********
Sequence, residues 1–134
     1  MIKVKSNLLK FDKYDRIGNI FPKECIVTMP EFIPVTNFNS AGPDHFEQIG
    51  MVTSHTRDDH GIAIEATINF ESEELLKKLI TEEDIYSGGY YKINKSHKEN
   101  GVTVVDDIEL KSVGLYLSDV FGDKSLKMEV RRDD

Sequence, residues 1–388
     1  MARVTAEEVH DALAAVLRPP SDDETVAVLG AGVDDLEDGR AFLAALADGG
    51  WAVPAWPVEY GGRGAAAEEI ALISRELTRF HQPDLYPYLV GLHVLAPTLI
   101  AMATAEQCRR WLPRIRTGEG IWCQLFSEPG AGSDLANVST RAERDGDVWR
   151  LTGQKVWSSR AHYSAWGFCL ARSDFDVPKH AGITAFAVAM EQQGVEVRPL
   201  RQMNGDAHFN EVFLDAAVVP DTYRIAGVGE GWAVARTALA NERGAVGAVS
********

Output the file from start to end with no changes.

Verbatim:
Sequence, residues 1–134
     1  MIKVKSNLLK FDKYDRIGNI FPKECIVTMP EFIPVTNFNS AGPDHFEQIG
    51  MVTSHTRDDH GIAIEATINF ESEELLKKLI TEEDIYSGGY YKINKSHKEN
   101  GVTVVDDIEL KSVGLYLSDV FGDKSLKMEV RRDD

Sequence, residues 1–388
     1  MARVTAEEVH DALAAVLRPP SDDETVAVLG AGVDDLEDGR AFLAALADGG
    51  WAVPAWPVEY GGRGAAAEEI ALISRELTRF HQPDLYPYLV GLHVLAPTLI
   101  AMATAEQCRR WLPRIRTGEG IWCQLFSEPG AGSDLANVST RAERDGDVWR
   151  LTGQKVWSSR AHYSAWGFCL ARSDFDVPKH AGITAFAVAM EQQGVEVRPL
   201  RQMNGDAHFN EVFLDAAVVP DTYRIAGVGE GWAVARTALA NERGAVGAVS